DP: Okay. Interesting. Sticking with streaming for a minute, now that it's possible to check the score on your phone, your desktop or another device, how's this impacting the workplace?
JB: There's no doubt that the tournament has also had an effect on workplace productivity. In fact, estimates on lost productivity for U.S. employers are anywhere from $2 billion to $13 billion. This can be time spent on filling out brackets, to debriefing with other alumni in the office to actually watching the games themselves. It's most certainly a distraction. The need to watch those games played on Thursday and Friday, the first two weeks of the tournament are what led to the creation of what's known as the Boss Button back in 2006. This Boss Button allows streamers to watch live TV broadcasts and then with a click of a button, it switches to what appears to be a very important PowerPoint presentation.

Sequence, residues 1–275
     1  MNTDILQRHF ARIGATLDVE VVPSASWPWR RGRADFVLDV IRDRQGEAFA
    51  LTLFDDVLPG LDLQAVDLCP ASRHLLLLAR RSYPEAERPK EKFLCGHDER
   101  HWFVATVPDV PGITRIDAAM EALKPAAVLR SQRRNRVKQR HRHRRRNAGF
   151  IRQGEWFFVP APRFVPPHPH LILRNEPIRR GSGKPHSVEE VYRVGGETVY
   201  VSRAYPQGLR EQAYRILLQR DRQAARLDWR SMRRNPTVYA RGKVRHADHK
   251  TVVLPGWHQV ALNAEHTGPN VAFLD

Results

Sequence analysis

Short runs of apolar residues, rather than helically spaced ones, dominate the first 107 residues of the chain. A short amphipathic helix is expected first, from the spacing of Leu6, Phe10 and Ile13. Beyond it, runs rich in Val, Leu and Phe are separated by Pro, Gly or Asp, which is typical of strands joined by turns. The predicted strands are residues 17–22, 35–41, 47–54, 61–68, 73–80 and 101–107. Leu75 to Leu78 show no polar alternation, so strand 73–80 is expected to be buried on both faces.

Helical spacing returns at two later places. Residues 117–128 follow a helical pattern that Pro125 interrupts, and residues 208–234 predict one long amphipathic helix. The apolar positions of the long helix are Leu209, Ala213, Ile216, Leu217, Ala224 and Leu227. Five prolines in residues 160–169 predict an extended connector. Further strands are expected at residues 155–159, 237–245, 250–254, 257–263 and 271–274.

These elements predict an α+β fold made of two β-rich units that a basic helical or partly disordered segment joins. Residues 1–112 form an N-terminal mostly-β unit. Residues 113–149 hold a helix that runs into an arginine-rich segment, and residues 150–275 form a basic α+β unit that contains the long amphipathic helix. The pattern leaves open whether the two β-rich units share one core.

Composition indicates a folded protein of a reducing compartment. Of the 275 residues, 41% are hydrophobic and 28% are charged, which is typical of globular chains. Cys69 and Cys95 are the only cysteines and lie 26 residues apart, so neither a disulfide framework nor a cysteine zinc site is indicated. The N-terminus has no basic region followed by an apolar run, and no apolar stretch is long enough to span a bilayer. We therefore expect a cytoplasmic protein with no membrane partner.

DP:So wait a minute, you could be at your desk watching the games and then switch to some sort of official looking fake document in case the boss walks by.
DP: That is diabolical.
JB:This strategy, or what some might consider dedication to the game, has evolved as well. Starting out as an inception, it was an Excel document and then it moved to a flow chart and an email inbox before moving to its latest PowerPoint presentation, which is what they're using this year. And the actual presentation is titled “How to Disguise a March Madness Watch Party.” I mean, it's clearly a clever tactic to put the viewer's mind at ease that they might not be caught watching basketball at work. Interestingly enough, in 2009, the NCAA began taking on sponsors for this button. Comcast being the first followed by CVS, Buick and Sony.
DP: All I can say is, wow, that's American ingenuity at its finest. Jeff, let’s now turn to how the media and broadcasting rights factor in?